January 16, 2009
It's a sign of our times that the news that the man chosen by President-Elect Obama to be the next Treasury Secretary failed to pay taxes to the IRS had no discernible impact. On the face of it, the lapse on the part of Timothy Geithner seems to be more serious than the Federal investigation into Gov. Bill Richardson, which may turn out to be nothing at all but derailed his nomination nonetheless. But when the entire economy is collapsing and crooked CEOs are making off with billions of taxpayer dollars, Geithner's relatively small-scale offense pales in comparison. He is the highly-respected protege of former Treasury Secretary Larry Summers, who will become one of Obama's top economic advisers.
Washington Post columnist Dana Milbank called this "The Nomination That's Too Big to Fail," alluding to the flimsy rationale for bailing out AIG and other mammoth-sized financial institutions. He quoted Finance Committee Chairman Max Baucus (D-MT) who said, "senators have decided that times are too dire to be puritanical." Even most Republicans have minimized the transgression, all too ready to forgive what is claimed to be an "honest mistake." But as Sen. Jeff Sessions (R-AL) said, "The man who wants to be the top tax collector in America ... not having paid $35,000 in taxes, apparently maybe even involving an illegal alien, is a serious matter." I think so, too.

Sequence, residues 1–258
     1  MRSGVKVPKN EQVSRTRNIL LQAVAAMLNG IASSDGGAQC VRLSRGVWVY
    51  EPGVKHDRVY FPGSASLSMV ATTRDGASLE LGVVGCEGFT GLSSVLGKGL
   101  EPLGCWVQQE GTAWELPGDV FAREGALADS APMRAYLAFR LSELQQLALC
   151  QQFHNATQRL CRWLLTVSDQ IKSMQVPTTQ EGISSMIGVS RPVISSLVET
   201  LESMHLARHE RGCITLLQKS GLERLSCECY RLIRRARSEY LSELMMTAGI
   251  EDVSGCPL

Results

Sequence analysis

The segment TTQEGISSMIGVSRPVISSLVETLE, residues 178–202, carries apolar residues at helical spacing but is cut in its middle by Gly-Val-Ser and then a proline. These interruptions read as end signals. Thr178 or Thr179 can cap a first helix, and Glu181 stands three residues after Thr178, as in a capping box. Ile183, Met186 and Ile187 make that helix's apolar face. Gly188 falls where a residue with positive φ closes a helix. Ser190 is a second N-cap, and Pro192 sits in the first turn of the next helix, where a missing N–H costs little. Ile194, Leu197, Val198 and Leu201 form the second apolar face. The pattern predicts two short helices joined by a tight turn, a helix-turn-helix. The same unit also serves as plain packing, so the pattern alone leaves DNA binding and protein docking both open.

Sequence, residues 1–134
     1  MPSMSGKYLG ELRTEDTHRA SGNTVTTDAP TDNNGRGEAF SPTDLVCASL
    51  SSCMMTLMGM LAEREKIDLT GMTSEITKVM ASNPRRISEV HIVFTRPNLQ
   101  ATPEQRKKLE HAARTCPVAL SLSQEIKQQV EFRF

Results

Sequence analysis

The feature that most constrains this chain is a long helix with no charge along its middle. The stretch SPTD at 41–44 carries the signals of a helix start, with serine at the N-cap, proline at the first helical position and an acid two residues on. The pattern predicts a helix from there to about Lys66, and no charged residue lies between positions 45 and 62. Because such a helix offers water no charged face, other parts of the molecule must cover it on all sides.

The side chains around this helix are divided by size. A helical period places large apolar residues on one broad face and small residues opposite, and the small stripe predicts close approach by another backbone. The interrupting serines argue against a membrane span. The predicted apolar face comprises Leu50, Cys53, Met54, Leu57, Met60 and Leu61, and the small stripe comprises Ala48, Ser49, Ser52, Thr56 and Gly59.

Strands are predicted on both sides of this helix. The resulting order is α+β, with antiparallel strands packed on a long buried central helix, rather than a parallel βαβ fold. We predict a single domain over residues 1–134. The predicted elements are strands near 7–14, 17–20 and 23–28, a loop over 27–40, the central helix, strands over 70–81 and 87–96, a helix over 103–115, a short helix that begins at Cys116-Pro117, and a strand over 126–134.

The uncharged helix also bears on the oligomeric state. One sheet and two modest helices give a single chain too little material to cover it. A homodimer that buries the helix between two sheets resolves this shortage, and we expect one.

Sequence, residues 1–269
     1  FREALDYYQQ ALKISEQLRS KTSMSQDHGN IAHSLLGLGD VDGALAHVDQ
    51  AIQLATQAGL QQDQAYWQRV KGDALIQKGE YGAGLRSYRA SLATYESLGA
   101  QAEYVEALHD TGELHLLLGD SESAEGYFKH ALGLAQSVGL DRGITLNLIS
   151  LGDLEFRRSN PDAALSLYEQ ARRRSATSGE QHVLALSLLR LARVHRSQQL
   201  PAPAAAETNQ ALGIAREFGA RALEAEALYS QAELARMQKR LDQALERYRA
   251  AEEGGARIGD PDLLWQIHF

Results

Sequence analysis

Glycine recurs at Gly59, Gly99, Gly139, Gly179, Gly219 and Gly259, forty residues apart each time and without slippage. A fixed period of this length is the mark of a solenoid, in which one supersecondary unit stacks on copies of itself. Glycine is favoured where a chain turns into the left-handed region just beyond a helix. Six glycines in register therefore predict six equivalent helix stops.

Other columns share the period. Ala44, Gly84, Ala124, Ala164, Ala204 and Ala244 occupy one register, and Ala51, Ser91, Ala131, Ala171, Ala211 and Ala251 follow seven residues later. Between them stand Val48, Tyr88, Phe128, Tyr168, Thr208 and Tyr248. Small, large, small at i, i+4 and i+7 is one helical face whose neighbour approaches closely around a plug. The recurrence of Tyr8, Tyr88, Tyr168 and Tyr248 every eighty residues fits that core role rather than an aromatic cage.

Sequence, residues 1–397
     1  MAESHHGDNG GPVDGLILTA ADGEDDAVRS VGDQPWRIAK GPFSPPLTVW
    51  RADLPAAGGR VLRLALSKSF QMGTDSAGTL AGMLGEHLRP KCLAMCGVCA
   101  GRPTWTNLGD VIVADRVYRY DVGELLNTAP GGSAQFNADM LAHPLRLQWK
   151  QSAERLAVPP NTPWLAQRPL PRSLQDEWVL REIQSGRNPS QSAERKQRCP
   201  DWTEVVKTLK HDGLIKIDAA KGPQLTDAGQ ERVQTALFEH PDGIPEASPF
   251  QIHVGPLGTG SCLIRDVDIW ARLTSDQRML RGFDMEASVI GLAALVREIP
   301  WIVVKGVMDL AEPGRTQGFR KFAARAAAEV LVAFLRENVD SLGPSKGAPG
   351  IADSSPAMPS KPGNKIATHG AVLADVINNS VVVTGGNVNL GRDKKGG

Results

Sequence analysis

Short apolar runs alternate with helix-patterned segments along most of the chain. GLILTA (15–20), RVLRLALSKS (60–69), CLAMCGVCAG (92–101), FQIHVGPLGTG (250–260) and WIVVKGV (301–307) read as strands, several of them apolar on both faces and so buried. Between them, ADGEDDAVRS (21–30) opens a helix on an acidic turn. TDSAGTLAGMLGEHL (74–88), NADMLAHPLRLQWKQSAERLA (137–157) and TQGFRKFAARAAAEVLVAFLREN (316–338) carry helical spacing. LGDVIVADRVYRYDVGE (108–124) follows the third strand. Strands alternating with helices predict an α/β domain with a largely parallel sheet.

What is the real meaning of this easy pass for Geithner? That Congress is too frightened of rocking the boat by challenging a renowned financial expert and thereby creating another wave of panic on Wall Street.
At The Mud Pit, they challenged readers to "Say Something Nice About George Bush," and here is my response:
This is quite a challenge, but I've come up with something VERY nice to say about "W": No president ever faced as much bitter hatred and derision as Bush did without ever showing that it was getting under his skin. Bush II never got sarcastic or lashed out at his enemies the way LBJ, Nixon, or Clinton did. He may lack poise, but he definitely lives up to the Christian value of "turning the other cheek," and he abides by his faith with complete sincerity. In that one way, I think he can redeem himself in the eyes of history.